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Over the course of his life Pablo Neruda was no stranger to political persecution; there were repercussions to living life as an outspoken communist on the international stage. Though Neruda didn’t start out as a political poet, his trips abroad as a diplomat heavily influenced him. After an introduction to political activism while in Spain during the Spanish Civil War, the poet returned to Chile an emboldened and decidedly political writer.
After returning home, Neruda spent time in Chile as a communist senator, until the election of President Gabriel González Videla who adopted an anti-communist political stance amid labor protests and forced Neruda to live underground. During Videla’s presidency, Neruda lived as a fugitive, on the run in Chile for nearly two years before he escaped to Argentina and moved to Europe. This story is the premise for Chilean director Pablo Larrain’s new movie, Neruda.
After his exile, Neruda returned to Chile in 1952. He continued to be a prominent political voice in the country. He maintained a close relationship and alliance with socialist Salvador Allende, who was democratically elected president of Chile in 1970. Under Allende, Neruda served as ambassador to France and was awarded the Nobel Prize in 1971.
Everything changed in September of 1973, when the US-backed military regime, under the leadership of General Augosto Pinochet, staged a coup d’état that established a military dictatorship in Chile. Thousands of left-leaning intellectuals, professors, politicians, artists and students were exiled, murdered or disappeared. Beloved folk singer Victor Jara was tortured and executed in the National Stadium of Chile. Fellow artists like Neruda faced a similar threat.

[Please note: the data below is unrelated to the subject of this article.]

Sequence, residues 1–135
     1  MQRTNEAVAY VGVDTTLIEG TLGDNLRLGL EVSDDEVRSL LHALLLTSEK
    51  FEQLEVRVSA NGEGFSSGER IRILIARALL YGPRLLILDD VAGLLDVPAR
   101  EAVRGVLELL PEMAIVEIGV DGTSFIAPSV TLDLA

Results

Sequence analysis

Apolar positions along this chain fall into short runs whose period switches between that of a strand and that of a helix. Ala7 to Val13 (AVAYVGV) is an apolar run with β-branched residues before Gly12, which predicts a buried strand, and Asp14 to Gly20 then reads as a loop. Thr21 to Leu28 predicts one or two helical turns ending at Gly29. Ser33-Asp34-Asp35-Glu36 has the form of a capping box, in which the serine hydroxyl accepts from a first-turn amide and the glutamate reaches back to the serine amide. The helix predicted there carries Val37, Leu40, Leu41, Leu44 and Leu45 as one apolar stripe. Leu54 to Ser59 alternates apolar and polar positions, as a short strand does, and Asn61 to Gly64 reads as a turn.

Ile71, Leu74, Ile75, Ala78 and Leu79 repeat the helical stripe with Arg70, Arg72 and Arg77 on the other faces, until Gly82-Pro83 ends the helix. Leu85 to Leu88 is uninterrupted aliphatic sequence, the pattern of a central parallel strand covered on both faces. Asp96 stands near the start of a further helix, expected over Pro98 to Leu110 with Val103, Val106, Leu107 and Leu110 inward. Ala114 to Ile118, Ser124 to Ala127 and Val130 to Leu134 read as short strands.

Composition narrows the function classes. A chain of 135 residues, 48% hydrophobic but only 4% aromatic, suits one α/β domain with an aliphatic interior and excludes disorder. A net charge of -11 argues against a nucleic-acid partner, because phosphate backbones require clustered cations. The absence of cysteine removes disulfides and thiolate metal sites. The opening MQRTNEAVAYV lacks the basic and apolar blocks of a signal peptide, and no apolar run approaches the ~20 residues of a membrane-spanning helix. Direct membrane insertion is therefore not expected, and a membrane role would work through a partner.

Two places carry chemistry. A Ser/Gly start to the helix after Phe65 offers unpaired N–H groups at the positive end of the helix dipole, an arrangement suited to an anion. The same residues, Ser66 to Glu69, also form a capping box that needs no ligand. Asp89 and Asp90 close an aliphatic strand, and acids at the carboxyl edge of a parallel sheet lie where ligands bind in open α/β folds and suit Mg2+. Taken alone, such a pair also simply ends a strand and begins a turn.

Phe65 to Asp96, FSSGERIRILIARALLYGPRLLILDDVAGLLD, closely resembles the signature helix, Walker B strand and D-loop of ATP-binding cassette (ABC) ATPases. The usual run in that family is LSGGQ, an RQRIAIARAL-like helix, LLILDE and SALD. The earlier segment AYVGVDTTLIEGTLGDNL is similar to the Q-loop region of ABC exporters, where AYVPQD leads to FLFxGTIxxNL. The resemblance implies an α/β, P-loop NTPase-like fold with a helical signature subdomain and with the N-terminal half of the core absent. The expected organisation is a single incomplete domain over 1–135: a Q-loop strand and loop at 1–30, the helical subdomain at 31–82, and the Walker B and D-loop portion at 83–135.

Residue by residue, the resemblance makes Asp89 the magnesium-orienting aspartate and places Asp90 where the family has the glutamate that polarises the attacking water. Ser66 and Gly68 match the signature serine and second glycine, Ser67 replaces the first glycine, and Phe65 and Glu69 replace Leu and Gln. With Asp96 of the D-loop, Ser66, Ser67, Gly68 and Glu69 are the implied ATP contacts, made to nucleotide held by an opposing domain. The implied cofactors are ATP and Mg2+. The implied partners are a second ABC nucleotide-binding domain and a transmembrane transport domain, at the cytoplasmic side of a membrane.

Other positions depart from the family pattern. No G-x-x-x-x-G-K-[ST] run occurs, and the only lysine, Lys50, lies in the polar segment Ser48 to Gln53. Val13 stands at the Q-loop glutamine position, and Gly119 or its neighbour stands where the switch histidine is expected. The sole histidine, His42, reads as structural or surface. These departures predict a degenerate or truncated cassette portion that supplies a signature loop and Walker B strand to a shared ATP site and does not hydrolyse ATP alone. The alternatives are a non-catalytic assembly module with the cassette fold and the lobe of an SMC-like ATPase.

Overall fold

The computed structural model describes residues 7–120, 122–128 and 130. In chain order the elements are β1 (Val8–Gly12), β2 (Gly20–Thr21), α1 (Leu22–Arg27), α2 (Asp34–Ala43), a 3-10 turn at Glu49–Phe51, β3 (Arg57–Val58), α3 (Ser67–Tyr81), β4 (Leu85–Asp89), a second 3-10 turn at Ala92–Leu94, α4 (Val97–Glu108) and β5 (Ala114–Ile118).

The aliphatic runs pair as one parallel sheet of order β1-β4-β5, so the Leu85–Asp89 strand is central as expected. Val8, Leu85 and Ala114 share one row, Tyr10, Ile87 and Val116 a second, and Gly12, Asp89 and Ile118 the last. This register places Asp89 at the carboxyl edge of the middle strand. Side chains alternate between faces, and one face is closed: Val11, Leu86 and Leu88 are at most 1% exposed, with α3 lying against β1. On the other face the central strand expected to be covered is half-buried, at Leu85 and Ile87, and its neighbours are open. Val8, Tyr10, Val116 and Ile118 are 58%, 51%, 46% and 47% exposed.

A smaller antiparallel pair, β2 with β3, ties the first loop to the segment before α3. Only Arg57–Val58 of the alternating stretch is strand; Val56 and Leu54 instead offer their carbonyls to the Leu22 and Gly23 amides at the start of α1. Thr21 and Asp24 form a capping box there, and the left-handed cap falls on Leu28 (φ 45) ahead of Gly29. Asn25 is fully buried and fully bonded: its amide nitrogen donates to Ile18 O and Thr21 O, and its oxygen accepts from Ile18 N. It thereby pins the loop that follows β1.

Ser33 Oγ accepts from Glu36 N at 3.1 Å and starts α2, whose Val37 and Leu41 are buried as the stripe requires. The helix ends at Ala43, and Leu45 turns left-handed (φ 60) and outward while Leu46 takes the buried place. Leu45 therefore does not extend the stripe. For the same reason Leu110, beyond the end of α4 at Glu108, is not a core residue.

The military coup occurred on September 11, 1973. On September 23, 1973 Pablo Neruda was sent home from the hospital. He was ill, suffering from prostate cancer, and was administered an injection in the stomach, an irregular practice at the hospital. The poet died hours after the injection, due to heart failure. His official cause of death for decades has been cancer, even though many Chileans believed he was actually poisoned through injection, a claim corroborated by Neruda’s driver, Manuel Araya.
Though these rumors haven’t been unequivocally substantiated, the government finally opened up an investigation into the matter in 2013 and Neruda’s body was exhumed to search for evidence of lethal substances. In 2015, the government released a statement saying it was highly probable Neruda’s death was the result of third-party intervention.
Thousands marched at Neruda’s funeral, a demonstration not even the military regime could suppress. Chileans still pay tribute to the poet. Neruda is buried at his home in Isla Negra, along with his wife Matilde Urrutia. Neruda’s home is also a museum commemorating his life and poetry.
Investigations looking into the deaths and disappearances that occurred during the Chilean dictatorship continue today. Over 3,000 Chileans were killed during the dictatorship, and another 200,000 were exiled. The Museum of Memory and Human Rights in Santiago offers insight into understanding the suffering and loss during this complicated period of Chile’s history.